In Real, Visual Terms
“If a 6600 used paper tape instead of core memory, it would use up tape at about 30 miles/second.” — Grishman, Assembly Language Programming
As legend has it, Grace Hopper (the original designer of COBOL) would hold up a length of wire, and ask her first-year students how long it was. It was just under 1 ft. (30.48cm) long. Most of her students answered with the visual length that they saw, and their answers were factually correct, but useless for the purpose of her class. The answer she wanted was “one nanosecond,” that is, the distance of the signal from one end of the wire to the other. On the lowest level, things happen in nanoseconds. (In silicon wafers, the design involves picosecond-timing considerations.)
But even in a nanosecond system, the physical design sometimes slows things down to microseconds or even milliseconds. The stored-program (Harvard) paradigm could be like this, with the executable instructions stored on some tangible medium like paper tape, while the executable’s data resided in fast-access, electronic storage.
And now, the world mostly uses the shared (von Neumann) paradigm, where the executable and the data may be stored in the same silicon wafer. Memory management can provide an architectural barrier between them, but 1’s and 0’s ultimately are just 1’s and 0’s. (But take a look at the postscript below.)
Let’s look back on that. 1’s and 0’s, but on punched tape.
First of all, let’s assume a punched tape 8 bits wide (yes, it did exist). That simplifies our calculations a lot.
The next thing to consider is that the holes in a punched tape are always 1/10 of an inch apart. That’s true for individual (horizontal, discrete) bits, as well as symbols (rows of bits). An eight-bit-wide tape thus gives 10 bytes per inch in length. Yeah, let’s mix decimal and binary: an inch-long tape contains two and a half 32-bit words. Two inches of tape contain 5 words.
But let’s grow that to a bigger scale. One hundred yards is 300 feet, and 3,600 inches. (Kind of like how one hour is 3,600 seconds.) On punched tape, that would amount to 36,000 bytes, or 9,000 words.
Thus, one mile of punched tape contains 5280*12*2.5, or 158,400 bytes.
Running a program
What does that mean for executable code? Let’s look at a Raspberry Pi 2 model B running at 900MHz. Nine hundred million operations per second, at 4 bytes per operation, means 3.6 billion bytes of code per second (ignoring any CPU stalls). Unrolling a very tight loop yields an interesting number: 22,727 miles of code on punched tape per second!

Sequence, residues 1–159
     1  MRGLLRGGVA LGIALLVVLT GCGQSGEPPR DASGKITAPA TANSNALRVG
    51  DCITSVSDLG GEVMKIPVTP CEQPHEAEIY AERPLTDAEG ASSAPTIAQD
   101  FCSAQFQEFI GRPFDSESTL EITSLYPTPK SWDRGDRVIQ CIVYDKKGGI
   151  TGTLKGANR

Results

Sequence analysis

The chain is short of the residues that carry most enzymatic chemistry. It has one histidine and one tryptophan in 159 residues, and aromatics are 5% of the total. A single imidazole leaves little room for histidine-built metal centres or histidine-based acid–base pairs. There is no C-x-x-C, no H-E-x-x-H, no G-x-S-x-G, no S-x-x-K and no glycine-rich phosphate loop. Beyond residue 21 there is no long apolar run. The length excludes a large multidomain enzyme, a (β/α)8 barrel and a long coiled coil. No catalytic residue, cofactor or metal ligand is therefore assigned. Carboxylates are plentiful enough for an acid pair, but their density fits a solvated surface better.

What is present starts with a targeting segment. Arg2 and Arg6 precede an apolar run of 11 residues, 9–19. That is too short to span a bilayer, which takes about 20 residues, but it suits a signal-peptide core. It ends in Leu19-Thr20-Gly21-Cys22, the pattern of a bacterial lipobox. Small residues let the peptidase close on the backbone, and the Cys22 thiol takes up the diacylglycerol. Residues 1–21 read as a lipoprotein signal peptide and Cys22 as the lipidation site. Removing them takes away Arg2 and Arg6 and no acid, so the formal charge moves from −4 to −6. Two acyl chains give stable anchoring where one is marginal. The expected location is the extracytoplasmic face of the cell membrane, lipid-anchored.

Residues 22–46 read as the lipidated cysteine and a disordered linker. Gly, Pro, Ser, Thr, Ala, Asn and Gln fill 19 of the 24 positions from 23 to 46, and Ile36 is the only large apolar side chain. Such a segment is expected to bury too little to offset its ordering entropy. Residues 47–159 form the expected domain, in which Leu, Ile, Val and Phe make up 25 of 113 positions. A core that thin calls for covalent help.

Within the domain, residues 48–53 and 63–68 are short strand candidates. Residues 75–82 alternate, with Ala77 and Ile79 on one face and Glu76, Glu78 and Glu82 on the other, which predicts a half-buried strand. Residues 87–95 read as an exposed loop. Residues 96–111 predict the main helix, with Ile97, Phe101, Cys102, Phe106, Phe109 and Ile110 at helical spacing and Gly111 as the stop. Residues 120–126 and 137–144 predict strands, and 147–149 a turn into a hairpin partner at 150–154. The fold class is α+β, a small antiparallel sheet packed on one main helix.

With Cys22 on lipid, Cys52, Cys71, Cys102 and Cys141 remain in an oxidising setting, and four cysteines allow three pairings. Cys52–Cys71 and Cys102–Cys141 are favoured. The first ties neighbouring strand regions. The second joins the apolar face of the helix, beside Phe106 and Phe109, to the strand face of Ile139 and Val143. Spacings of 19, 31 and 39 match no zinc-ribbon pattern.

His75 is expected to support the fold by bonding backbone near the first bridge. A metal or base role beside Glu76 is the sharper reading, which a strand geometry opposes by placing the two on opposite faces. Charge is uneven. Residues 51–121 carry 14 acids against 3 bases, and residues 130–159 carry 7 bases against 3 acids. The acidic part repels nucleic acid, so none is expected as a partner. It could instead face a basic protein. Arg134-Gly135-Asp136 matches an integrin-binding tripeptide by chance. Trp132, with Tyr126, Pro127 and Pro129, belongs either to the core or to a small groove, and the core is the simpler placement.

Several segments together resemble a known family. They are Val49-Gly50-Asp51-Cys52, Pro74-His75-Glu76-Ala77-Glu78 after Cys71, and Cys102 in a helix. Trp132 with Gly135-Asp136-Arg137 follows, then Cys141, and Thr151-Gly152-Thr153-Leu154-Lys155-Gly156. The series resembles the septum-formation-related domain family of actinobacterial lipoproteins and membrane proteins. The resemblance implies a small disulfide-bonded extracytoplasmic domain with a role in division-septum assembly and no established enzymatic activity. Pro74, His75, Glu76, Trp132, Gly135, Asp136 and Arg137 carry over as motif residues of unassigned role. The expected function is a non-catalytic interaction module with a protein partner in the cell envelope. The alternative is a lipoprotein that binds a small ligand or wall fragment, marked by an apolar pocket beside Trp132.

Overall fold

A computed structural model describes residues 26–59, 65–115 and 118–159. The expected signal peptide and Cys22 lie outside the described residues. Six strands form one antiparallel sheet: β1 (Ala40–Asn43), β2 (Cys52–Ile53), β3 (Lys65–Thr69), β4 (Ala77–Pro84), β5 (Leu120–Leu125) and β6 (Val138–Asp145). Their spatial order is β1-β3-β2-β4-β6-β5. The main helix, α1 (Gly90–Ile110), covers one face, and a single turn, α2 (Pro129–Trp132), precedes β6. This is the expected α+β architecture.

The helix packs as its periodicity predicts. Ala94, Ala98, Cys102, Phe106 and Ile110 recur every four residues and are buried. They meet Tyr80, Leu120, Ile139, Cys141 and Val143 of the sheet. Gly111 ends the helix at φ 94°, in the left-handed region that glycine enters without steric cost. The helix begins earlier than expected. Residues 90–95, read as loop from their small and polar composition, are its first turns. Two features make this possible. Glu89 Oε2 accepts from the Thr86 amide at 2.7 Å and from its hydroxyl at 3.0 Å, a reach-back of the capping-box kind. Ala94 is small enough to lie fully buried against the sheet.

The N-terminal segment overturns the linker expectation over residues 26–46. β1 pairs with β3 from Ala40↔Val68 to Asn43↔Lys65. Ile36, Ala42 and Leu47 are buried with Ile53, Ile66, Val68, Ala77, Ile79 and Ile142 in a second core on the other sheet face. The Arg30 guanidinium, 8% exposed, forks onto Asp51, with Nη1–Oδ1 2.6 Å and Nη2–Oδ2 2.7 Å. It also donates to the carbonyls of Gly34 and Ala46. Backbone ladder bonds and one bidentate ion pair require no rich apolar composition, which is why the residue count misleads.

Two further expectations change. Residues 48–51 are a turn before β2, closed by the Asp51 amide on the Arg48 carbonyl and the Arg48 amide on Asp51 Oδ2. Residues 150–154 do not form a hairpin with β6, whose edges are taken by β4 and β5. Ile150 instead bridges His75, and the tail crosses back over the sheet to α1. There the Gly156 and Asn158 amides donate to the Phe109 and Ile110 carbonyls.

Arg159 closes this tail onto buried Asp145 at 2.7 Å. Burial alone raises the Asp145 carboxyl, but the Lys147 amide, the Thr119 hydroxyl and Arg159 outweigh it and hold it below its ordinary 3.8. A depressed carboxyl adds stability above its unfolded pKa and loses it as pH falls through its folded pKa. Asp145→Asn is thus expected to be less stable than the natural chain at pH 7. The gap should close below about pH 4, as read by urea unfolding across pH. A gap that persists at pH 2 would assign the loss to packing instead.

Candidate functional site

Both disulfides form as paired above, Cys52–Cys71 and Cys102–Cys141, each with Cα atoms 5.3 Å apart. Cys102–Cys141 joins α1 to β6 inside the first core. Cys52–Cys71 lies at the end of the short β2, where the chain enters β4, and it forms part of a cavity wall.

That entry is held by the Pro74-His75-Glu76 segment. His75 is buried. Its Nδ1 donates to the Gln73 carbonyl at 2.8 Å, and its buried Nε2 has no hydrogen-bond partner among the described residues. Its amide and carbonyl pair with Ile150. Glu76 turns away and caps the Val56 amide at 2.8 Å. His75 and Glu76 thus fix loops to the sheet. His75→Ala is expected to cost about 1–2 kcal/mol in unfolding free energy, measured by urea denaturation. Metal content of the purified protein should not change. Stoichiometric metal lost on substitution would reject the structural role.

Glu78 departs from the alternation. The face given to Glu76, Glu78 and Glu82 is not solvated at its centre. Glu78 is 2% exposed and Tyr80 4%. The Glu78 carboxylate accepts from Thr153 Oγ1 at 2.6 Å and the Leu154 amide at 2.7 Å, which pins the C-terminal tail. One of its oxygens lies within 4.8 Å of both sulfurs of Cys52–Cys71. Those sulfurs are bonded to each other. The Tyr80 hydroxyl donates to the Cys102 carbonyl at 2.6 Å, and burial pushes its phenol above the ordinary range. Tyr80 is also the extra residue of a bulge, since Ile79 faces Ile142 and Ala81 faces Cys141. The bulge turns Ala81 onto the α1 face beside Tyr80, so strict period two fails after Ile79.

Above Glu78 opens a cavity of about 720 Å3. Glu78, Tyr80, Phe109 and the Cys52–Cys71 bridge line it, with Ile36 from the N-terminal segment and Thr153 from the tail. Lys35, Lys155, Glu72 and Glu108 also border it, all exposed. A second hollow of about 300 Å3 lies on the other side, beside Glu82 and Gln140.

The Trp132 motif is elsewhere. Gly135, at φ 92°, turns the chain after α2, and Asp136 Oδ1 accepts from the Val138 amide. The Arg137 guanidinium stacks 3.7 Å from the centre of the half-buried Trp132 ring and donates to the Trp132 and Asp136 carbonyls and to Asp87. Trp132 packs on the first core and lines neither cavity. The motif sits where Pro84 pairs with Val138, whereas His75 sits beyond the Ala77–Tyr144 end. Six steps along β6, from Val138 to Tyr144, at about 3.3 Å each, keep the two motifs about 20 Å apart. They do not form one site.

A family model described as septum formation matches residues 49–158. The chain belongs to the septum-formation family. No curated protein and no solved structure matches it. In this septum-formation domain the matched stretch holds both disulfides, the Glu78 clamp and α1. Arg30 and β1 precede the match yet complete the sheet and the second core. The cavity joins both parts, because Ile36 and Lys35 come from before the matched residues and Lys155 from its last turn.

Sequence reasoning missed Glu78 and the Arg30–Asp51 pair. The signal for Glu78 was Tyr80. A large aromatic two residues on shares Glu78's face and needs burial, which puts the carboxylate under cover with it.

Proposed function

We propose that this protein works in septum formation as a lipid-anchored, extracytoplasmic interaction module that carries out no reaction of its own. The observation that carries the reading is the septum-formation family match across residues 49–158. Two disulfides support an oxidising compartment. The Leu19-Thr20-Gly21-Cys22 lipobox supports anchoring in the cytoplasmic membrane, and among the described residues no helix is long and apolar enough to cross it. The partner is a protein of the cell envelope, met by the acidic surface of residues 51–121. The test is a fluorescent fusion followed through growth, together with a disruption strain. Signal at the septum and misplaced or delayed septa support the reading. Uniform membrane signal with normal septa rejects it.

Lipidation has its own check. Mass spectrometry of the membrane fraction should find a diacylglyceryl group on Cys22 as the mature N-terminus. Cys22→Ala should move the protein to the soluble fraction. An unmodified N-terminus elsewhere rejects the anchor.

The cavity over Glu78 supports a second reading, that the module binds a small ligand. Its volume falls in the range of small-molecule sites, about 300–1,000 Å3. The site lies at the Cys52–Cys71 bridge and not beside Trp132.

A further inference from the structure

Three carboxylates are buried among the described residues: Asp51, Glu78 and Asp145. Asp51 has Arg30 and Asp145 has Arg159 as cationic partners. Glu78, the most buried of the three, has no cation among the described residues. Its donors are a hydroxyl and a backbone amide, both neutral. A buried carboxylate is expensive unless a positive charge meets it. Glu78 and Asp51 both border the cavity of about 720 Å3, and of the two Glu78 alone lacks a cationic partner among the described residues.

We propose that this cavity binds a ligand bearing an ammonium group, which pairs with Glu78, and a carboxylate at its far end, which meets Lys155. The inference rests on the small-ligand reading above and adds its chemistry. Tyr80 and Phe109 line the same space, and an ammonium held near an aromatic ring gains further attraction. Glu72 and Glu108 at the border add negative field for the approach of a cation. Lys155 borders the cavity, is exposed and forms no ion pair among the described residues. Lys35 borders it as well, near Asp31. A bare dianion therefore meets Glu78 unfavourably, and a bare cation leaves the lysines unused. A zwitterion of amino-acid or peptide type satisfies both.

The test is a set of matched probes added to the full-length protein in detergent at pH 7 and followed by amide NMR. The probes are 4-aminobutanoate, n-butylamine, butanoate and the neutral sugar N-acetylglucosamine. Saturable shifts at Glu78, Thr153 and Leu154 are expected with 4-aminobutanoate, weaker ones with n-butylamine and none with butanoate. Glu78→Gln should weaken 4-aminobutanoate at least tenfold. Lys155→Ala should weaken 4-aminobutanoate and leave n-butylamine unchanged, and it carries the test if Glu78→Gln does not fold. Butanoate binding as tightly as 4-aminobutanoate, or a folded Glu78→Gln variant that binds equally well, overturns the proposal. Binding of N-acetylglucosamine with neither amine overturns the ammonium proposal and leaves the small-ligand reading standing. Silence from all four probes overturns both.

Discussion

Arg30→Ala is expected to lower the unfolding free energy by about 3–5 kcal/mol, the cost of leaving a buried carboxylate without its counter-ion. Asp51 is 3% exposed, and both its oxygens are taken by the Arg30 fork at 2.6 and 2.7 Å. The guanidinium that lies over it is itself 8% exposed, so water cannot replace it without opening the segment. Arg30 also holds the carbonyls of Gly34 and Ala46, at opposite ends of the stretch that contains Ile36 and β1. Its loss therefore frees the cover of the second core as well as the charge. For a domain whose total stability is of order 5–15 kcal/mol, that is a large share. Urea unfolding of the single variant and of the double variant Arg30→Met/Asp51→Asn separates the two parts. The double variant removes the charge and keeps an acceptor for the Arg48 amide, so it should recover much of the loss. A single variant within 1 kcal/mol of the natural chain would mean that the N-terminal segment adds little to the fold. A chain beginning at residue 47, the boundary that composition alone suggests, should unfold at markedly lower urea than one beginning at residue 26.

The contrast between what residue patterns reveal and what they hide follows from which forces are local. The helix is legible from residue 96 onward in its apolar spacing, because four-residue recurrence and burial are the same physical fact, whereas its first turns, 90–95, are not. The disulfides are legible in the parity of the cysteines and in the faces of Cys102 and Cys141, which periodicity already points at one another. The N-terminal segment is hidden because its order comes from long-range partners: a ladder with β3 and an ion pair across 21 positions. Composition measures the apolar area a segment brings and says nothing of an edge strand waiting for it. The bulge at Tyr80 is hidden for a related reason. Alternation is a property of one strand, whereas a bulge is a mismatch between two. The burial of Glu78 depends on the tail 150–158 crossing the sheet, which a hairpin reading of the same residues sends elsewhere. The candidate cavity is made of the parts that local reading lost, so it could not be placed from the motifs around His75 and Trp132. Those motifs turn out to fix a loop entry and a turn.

Okay, 99% of the programs don’t run that fast. So let’s turn things around, from consuming bits (of code) to producing bits (of entropy, that is, random bits). Linux on any Raspberry Pi has a /dev/hwrng, or at least it should. The HardWare Random Number Generator is built-in on the Raspberry Pi, and might be a “good enough” entropy source for most clients. So how much entropy per second can it generate on the punched tape?
The very first Raspberry Pi model B, using the Broadcom 2708/2835 CPU (with a default clock speed of 700MHz), can generate roughly 95KB/sec, or 97,280 bytes/second. On a punched tape, that’s 9,728 inches, or 810 feet, 8 inches of entropy.
The Raspberry Pi 2 model B generates entropy a little faster, at 112KB/sec, or 114,688 bytes/second, amounting to 11,469 inches, or 955 feet, 9 inches of entropy. Incidentally, this speed-up is not proportional to the clock: the clock runs 29% faster than the original Model B, but the entropy generator is only 18% faster.
The final word: it’s a concrete visual
There’s always another way to look at something. Sir Isaac Newton showed that white light is simply all the colors we can see, smashed together at once. Albert Einstein showed that distance is measured by the speed of light, something Grace Hopper brought home to her new students with her one-foot-long, one-nanosecond wire.
Postscript: we can still benefit from the old ways
What I said earlier about the Harvard and von Neumann architectures is true enough. Most computers now use the von Neumann, shared-storage model, where code and data may reside on the same silicon wafer. But the Harvard architecture, with separate code and data, still has significance in modern computing.
Intel 80286: Harvard on a single wafer
The 80286 architecture enabled enforced separation of code and data on a PC. Earlier Intel CPU’s, the 8086/8088 and the 80186 used the overlapping-segment model, but the Intel 80286 made possible a true separation of code and data. Later 32-bit x86 implementations, from Intel, AMD, Cyrix, and Transmeta, follow this model.
Next, 64 bits and simpler memory management
The AMD64 and IA-64 extensions acknowledge the greater benefit of the so-called “flat memory model.” The CPU and the OS conspire to enforce the separation of code and data. A lot of real-life feedback to AMD let them gain a lead over Intel regarding memory management: the software is the manager, the hardware is the subordinate. I’ve looked at the Linux kernel code, and it really does make things simpler.
Raspberry Pi: totally shared (but not really)
The original Raspberry Pi model B used an ARM1176JZF-S processor. The Raspberry Pi Zero uses the same CPU. The Raspberry Pi 2 model B has an ARM CPU that has the NEON instruction set, but doesn’t have the VFP instruction set (at least, officially). But there’s an interesting sub-model of the Raspberry Pi.
The design of the RPi Compute Module has an on-board EEPROM, for storing the boot code and the (presumably) Linux kernel code. The EEPROM is the modern equivalent of the earlier punched-tape, but with the extra ability to skip forward or backward to any position on the tape.
Yes, some little things still use the Harvard architecture, even if by implication. Our cell phones, our Raspberry Pi Compute Modules, and maybe even our old PC’s.